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Melinis repens (Willd.) Zizka 1988
pronounced: MEE-lin-iss REE-penz
(Poaceae — the grass family)
pronounced: rin-KELL-ee-trum REE-penz, try-koh-LAY-nuh REE-penz
Common name: Red Natal Grass
Melinis is from the Greek word μελινη (meliné), millet, and repens is Latin for ‘creeping’. In the synonyms, Rhynchelytrum is from two Greek words, 'ρινος (rhinos), ‘of a nose’, and χελυς (chelys), a tortoise, i.e., beaked scales, referring to the glumes and lemmas. Tricholaena is also from the Greek, θριξ (thrix), hair, and χλαινα (chlaina), a cloak, referring to the hairy coating on the spikelets.
This grass is a well-known sight on the island. It grows in association with other grasses on almost every piece of waste land, and by fences and roadsides everywhere. This is an invasive species from Africa, now found world-wide in the tropics and sub-tropics, especially in dry, disturbed areas. When it ‘takes over’ an area, and is in full flower, it’s a pretty sight to see all the reddish spikelets swaying in the breeze. When it forms a dense stand and a fire goes through it, it burns with such great heat that the native plants are usually killed, while the Red Natal Grass is usually able to regenerate.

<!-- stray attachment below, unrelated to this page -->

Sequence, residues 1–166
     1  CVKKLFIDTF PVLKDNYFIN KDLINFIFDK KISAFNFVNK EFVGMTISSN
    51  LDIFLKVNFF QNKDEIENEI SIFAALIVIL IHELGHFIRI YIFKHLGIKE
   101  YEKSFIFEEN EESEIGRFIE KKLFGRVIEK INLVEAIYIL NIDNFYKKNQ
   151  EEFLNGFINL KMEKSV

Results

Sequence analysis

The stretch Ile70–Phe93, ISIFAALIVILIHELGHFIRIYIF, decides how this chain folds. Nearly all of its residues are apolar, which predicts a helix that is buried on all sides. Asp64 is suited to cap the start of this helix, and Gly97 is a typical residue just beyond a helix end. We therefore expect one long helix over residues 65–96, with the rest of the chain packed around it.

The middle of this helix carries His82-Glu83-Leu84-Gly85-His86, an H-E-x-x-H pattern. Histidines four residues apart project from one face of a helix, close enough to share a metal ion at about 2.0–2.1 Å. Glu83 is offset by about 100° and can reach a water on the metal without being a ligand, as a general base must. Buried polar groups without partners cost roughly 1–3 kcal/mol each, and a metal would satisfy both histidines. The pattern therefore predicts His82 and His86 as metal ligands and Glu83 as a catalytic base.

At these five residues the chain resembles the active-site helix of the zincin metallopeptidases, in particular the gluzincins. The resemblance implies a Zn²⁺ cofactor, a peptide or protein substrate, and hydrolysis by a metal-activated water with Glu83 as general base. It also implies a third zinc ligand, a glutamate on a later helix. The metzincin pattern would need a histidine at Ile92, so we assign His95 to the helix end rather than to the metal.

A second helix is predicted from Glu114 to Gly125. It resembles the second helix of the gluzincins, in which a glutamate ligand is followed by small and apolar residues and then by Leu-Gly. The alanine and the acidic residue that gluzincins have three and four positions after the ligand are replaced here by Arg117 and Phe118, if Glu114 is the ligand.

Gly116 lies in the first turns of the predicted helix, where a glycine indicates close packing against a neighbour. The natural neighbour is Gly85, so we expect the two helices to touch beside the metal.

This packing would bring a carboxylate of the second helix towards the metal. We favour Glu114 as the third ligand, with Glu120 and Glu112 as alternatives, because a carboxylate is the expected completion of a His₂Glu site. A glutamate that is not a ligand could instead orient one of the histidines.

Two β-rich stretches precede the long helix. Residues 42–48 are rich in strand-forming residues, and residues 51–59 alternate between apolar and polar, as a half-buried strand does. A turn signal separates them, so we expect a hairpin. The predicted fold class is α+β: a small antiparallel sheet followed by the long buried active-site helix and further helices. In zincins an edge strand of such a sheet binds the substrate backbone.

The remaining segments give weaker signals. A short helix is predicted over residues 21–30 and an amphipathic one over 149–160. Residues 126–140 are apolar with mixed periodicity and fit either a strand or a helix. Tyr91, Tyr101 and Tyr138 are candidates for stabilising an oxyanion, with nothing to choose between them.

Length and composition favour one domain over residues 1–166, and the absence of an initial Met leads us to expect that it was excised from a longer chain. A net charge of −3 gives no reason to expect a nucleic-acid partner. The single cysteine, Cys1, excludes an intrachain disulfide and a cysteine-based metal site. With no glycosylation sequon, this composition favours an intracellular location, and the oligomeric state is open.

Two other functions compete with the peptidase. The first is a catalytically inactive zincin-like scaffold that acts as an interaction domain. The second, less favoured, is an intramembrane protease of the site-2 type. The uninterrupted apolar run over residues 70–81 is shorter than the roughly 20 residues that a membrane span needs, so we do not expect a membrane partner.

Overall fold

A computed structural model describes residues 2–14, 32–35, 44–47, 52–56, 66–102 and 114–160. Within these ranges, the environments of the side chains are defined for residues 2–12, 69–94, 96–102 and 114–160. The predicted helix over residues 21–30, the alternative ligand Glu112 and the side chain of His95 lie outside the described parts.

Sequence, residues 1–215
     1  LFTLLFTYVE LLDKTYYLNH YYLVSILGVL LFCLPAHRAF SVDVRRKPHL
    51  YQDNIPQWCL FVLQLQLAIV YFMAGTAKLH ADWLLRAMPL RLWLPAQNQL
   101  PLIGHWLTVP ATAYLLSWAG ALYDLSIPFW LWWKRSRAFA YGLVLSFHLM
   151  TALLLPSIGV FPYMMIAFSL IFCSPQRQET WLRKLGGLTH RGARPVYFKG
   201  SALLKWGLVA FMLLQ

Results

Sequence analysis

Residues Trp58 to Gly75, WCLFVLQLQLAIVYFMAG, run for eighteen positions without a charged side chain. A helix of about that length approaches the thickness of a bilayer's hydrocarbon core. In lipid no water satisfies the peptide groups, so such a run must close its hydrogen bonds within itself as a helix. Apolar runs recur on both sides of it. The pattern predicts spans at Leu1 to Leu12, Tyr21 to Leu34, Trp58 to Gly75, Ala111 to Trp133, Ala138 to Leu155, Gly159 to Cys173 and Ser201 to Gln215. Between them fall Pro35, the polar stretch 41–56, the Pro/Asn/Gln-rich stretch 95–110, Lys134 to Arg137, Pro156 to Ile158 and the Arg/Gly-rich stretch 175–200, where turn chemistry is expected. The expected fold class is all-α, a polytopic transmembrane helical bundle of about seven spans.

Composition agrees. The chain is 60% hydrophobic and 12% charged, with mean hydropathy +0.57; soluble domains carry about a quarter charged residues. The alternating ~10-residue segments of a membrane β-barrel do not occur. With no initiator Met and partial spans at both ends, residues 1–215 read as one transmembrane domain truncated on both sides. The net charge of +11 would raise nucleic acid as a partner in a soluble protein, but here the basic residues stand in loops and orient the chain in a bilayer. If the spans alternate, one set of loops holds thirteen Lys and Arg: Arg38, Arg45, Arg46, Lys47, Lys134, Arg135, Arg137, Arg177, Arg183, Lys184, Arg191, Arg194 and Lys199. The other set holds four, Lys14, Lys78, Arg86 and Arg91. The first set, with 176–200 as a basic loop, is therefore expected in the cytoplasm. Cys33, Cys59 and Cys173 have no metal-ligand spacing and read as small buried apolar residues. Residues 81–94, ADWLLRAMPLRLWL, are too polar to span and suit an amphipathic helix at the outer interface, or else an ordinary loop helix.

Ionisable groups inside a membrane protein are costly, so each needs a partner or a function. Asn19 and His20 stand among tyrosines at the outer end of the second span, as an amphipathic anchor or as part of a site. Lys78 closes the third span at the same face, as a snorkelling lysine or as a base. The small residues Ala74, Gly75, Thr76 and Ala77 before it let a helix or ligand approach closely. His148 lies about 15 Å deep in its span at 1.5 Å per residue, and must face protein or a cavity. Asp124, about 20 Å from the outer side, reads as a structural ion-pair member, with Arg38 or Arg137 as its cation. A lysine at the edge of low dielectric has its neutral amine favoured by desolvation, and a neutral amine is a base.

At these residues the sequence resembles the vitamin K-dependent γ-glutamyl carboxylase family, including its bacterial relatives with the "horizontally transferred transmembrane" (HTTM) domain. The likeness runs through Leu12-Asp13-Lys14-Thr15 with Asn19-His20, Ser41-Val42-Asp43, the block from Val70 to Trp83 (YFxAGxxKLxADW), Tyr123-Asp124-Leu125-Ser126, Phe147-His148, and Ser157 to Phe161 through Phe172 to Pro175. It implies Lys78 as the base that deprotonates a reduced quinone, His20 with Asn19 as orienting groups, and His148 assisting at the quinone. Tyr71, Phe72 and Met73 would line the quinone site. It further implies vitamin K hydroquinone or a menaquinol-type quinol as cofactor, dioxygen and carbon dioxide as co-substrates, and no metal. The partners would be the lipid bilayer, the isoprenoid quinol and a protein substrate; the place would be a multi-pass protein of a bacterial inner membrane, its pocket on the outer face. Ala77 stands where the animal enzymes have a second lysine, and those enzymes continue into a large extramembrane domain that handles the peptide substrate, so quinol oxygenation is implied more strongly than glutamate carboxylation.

Melinis repens is a tufted species, up to about 90 cm or a little more in height, that usually behaves as an annual, but may persist for more than one season under good growing conditions. The flowering stems are often horizontal at their base and bend upwards at the nodes, so that stems are frequently branched from the lower nodes, from which roots often develop – hence the repens. The stem nodes are thickened, and are densely covered by short white hairs.
The leaves are rolled when young and are rough to the touch. The ligule is an inconspicuous fringe of hairs only about 1 mm long. The blades are flat, up to about 20 cm long, but only 2–10 mm wide, usually glaucous, glabrous dorsally.
The inflorescence is a loose open panicle (up to about 15 cm long) with fine branches. The spikelets (about 5 mm long) are covered by red to pink silky hairs that turn white as the flower matures. In late-flowering plants, these hairs may be cream in colour.
This species is not well used by animals and has little agricultural value other than providing cover on disturbed areas, and thus reducing soil erosion. It spreads very easily, both by rooting from the nodes and by seed.
The Sugar Cane Stem Borer Bathytricha truncata feeds on this grass.
Photographs taken 2009, Picnic Bay
Page last updated 25th January 2018